Playing for Time (movie)

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Playing for Time is a made-for-television movie about the Holocaust. Arthur Miller wrote the movie. He based it on Fania Fénelon's true book about her life, called The Musicians of Auschwitz.[1] The movie was on television on CBS in 1980.[2]

Story[change | change source]

At the Auschwitz death camp, the Nazis choose women who can sing and play instruments to make music for them. They become the Women's Orchestra of Auschwitz. The women see the things that happen in the camp and try to stay alive long enough for the war to end.

Name[change | change source]

The title comes from the English expression "playing for time" which means to stall or delay something bad from happening and the word "playing" as in playing an instrument. The women in Playing for Time are playing music so that the Nazis won't kill them yet.

Critical reception[change | change source]

Critics said the movie was "the best script [Miller] has written in years."[2] The movie won many Emmys, a Golden Globe and the Peabody Award.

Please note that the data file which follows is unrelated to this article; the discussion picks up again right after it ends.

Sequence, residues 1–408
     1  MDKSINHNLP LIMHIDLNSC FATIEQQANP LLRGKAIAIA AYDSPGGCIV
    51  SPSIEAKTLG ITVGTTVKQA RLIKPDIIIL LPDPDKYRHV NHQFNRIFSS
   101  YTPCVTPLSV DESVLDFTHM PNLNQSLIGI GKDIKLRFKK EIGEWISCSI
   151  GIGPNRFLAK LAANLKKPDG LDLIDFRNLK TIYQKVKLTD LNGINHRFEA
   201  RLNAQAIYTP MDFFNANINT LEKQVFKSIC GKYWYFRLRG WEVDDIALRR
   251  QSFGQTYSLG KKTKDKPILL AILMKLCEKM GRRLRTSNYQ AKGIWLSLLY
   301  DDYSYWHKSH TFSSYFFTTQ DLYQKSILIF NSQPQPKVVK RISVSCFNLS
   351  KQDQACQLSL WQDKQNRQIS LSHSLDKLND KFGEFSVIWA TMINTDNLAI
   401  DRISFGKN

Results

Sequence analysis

People did not like that directors chose Vanessa Redgrave to be Fania Fénelon. Redgrave did not like Israel and was pro-Palestine. Fénelon herself said that Redgrave was too tall and did not have a good sense of humor, which she said was one way she stayed alive in the camp. She wanted Liza Manelli instead of Redgrave.[2]

Other members of the women's orchestra said that not all of Fénelon's story was true: They said that Alma Rosé had not been as bad as Fénelon said. They said Fénelon's story made it look like she had saved their lives when really Rosé had saved their lives. Some of the women also said they did not like that very private moments in their lives were in a movie for everyone to see.[2]

Cast[change | change source]

Adaptation[change | change source]

Arthur Miller also wrote a play Playing for Time, but it was after the movie, not before.[2]

Other websites[change | change source]

References[change | change source]

  1. "6 of the best classical music-themed films on Netflix". BBC Classical Music. September 21, 2020. Retrieved May 12, 2021.
  2. 2.0 2.1 2.2 2.3 2.4 Tim Auld (March 6, 2015). "How Arthur Miller struck a discord with the Women's Orchestra of Auschwitz". Guardian. Retrieved May 12, 2021.